According to the UN Refugee Agency, more than 5 million people have fled Syria since 2011. By the end of 2016, only 18,000 of those refugees were resettled in the United States. Dalya Zeno, now 18 years old, and her mother, Rudayna, are two of that number. They left Aleppo, Syria, in 2012 to escape the increasingly violent Syrian Civil War, and have made Los Angeles their home ever since.
Dalya is now the subject of a new documentary, “Dalya’s Other Country,” directed by Julie Meltzer and premiering on PBS’s “POV.” The film follows Dalya’s cultivation of a distinctly Californian teen lifestyle. She plays sports (track, basketball and soccer) and has a tightknit group of girlfriends. Her cell phone is always in hand and her makeup application skills are top notch. But she’s also the only Muslim, let alone hijabi, at her all-girls Catholic high school.
Dalya’s relationship with her hijab features prominently in the film. Her father, Mohamed Hassan, comes to visit from Turkey, where he lives, and we learn how important it was to him that Dalya continue wearing the hijab upon moving to the U.S. As the 2016 election approaches and candidate Donald Trump begins talking about a Muslim ban, Dalya and her mother disagree about Rudayna’s decision to cover her hijab with a hat when driving to and from school.
Rudayna is going through an identity evolution of her own. Before moving to the United States, she divorced Mohamed after he took on a second wife without her permission. Dalya and Rudayna are both developing their own Islamic feminist identity throughout the film in a thoughtful, yet unapologetic way that is welcome for its accurate portrayal of feminism within a religion whose treatment of womanhood is often misunderstood.
“Dalya’s Other Country” documents the ground-shift of American culture through the life of one remarkable teenage girl. I interviewed Dalya ahead of the film’s release to talk about coming of age in America, her faith journey and why she plans to return to Syria one day.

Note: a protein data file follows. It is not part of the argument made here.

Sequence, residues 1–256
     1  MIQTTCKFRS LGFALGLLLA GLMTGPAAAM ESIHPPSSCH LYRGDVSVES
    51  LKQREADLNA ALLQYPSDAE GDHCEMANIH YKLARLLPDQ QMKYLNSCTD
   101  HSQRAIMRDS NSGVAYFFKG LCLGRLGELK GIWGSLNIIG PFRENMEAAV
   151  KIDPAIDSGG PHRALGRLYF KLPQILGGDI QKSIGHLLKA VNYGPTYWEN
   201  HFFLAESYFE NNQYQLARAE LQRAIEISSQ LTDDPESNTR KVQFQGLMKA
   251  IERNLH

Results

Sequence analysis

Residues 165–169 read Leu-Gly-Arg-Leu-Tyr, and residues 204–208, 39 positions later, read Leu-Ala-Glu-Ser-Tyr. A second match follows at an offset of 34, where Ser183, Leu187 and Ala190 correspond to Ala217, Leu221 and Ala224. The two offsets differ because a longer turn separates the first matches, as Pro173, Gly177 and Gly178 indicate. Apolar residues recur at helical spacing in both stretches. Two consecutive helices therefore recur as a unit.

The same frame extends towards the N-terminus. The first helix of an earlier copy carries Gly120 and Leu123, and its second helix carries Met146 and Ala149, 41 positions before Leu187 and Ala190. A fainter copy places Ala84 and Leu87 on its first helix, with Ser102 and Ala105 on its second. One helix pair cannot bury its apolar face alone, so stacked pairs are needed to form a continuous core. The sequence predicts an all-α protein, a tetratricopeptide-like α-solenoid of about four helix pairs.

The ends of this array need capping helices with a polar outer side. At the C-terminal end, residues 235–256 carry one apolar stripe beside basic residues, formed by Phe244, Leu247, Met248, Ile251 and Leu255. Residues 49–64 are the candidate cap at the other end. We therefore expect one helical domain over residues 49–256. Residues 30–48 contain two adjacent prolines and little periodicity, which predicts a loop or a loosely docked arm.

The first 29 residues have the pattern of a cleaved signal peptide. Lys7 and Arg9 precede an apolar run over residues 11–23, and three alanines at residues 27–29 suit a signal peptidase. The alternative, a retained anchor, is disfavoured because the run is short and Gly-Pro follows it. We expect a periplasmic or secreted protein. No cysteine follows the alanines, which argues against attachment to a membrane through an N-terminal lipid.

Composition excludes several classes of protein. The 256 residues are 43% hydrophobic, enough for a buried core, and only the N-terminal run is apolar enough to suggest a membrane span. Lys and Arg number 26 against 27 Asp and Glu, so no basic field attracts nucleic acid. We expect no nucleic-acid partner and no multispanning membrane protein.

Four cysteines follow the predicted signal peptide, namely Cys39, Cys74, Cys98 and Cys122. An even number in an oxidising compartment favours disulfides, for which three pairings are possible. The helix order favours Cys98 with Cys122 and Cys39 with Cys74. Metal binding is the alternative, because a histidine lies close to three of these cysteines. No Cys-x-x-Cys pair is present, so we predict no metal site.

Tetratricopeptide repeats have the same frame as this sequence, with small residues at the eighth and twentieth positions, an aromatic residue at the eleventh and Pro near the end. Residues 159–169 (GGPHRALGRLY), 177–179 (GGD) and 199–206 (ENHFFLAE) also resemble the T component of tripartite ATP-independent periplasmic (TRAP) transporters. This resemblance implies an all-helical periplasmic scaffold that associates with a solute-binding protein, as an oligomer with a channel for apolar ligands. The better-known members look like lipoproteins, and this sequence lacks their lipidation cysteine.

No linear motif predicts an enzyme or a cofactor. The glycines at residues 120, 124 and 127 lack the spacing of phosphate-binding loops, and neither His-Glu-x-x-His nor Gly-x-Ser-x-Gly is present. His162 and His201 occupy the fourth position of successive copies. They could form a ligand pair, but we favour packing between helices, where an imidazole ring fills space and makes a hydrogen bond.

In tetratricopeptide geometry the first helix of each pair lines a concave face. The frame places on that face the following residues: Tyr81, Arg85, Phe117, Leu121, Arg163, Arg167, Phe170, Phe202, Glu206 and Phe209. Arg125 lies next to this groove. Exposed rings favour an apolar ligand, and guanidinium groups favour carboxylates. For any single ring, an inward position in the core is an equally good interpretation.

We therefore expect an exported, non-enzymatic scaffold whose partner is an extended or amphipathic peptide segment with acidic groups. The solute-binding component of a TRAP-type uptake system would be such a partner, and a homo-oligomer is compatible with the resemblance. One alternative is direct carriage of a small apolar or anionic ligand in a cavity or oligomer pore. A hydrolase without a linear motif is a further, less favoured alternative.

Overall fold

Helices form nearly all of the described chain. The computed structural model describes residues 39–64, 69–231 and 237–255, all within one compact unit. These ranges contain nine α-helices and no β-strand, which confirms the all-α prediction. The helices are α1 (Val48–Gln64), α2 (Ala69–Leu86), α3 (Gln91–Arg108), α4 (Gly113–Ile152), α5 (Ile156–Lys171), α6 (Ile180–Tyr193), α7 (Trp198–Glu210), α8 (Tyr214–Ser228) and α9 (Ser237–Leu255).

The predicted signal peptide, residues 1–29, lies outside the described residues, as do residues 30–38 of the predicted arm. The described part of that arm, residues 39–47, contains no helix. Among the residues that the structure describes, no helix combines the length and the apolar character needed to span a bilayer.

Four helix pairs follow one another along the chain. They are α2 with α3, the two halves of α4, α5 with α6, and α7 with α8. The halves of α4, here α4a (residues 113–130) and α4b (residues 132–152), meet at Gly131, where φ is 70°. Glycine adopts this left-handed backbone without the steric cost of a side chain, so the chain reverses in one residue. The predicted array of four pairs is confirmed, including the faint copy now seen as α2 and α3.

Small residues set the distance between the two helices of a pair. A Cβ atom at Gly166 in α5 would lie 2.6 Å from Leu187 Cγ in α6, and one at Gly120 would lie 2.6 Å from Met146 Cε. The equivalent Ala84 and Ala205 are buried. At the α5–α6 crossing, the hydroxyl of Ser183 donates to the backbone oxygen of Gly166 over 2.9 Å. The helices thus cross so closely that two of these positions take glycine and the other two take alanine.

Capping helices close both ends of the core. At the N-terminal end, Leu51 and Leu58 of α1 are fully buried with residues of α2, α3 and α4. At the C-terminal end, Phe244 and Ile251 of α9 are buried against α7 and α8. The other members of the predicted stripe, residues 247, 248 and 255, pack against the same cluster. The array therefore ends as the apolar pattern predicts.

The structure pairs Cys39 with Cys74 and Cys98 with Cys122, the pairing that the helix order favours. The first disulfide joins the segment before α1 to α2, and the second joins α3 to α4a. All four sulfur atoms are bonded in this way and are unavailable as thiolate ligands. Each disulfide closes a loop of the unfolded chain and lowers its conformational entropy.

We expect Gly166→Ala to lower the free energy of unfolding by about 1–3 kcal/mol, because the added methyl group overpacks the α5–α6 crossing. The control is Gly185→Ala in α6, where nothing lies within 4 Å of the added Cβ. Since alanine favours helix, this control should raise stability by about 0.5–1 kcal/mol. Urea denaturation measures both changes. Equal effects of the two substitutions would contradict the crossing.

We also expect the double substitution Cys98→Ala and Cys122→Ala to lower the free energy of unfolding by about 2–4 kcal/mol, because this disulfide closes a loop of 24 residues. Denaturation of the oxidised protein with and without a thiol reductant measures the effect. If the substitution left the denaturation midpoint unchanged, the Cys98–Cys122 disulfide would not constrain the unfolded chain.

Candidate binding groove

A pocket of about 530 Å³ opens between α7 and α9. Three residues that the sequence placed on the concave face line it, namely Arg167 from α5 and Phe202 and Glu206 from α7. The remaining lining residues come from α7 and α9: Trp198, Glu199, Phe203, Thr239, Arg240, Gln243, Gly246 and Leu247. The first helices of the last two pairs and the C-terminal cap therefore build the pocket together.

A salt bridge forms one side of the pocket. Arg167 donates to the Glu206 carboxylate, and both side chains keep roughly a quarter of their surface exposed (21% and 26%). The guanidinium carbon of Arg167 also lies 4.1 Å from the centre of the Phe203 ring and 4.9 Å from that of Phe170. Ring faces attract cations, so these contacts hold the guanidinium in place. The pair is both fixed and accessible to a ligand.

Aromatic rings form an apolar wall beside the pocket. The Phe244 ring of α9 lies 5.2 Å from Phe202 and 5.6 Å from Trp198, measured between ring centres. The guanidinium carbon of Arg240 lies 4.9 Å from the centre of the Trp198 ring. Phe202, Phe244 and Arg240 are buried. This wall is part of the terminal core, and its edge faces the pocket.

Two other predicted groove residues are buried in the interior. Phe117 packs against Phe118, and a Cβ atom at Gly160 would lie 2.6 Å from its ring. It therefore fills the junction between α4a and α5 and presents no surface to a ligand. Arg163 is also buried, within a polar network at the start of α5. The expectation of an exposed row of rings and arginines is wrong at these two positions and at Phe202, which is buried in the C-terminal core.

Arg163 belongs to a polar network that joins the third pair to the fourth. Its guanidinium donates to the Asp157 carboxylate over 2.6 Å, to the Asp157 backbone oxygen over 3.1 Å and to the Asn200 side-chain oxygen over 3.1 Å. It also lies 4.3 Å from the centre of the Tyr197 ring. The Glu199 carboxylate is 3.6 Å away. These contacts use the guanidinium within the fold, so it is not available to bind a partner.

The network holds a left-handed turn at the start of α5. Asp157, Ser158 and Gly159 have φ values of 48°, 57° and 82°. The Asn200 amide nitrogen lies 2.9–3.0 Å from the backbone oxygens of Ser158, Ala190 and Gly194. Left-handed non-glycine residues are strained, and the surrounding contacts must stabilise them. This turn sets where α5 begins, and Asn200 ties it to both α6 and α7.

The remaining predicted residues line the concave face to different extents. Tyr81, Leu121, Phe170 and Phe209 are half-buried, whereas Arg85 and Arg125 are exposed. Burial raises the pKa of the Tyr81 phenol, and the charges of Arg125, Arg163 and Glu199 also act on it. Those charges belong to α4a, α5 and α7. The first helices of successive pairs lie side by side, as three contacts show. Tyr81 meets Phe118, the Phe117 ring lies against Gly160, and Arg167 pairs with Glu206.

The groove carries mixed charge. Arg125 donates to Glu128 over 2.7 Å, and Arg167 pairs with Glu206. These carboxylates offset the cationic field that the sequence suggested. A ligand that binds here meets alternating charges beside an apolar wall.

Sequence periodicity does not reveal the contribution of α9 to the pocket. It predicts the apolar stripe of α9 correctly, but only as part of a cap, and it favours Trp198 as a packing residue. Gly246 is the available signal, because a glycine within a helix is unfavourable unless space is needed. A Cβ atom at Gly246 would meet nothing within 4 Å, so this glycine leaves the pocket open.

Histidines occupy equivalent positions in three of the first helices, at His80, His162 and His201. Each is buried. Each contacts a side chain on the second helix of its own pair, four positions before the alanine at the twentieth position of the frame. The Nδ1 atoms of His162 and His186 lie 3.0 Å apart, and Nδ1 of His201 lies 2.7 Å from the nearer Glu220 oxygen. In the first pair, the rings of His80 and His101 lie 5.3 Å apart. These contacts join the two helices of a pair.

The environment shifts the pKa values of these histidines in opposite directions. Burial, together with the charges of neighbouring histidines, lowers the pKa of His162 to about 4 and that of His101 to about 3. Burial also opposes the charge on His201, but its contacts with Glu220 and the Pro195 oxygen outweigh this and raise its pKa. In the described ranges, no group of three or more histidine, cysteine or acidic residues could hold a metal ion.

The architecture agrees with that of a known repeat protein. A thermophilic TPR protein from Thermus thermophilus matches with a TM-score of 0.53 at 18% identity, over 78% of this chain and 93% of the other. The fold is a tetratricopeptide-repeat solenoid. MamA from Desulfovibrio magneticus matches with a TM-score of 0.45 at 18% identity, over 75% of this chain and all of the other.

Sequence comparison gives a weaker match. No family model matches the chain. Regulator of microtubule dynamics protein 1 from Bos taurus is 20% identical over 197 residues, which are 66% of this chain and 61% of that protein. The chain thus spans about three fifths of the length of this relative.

Rewire: At the time you and your mother left Syria, you were only 13 years old. What did you think about your mother’s decision to move to the United States? Do you think you would have made the same decision if you were in her shoes?
Dalya Zeno: Yes, I would have definitely made the same decision. As a mother she wanted me to be safe. At the time that we left Syria, like many Syrians, we thought we might be coming back. We didn’t know for sure that we would be moving to the U.S.
Rewire: As a Muslim studying at an all-girl Catholic school, what—if anything—surprised you about your classmates?
DZ: I had not been exposed to Catholic school previously so I had very few preconceptions. I found the experience of going to church interesting and beautiful in many ways. It was interesting to me because there were so many similarities that with Islam – all the stories like Caine and Abel, Adam and Eve are similar to the stories that we learn in Islam.
Rewire: Do you think your transition into American life would have been the same had you instead enrolled in public school?
DZ: If I had gone to public school it would have been very different. I think if I had gone to public school I would not have adjusted as fast and I probably would be less religious now.
Rewire: At one point in the film, your mother says she is American, not a refugee. Do you consider “refugee” an aspect of your identity in America? Why or why not?
DZ: We were forced to leave Syria because of the war, but we were lucky to have citizenship. My mom had lived here before, so our position is different from other refugees who come here seeking safety and citizenship. Maybe because we had citizenship I don’t think a lot about how I define myself.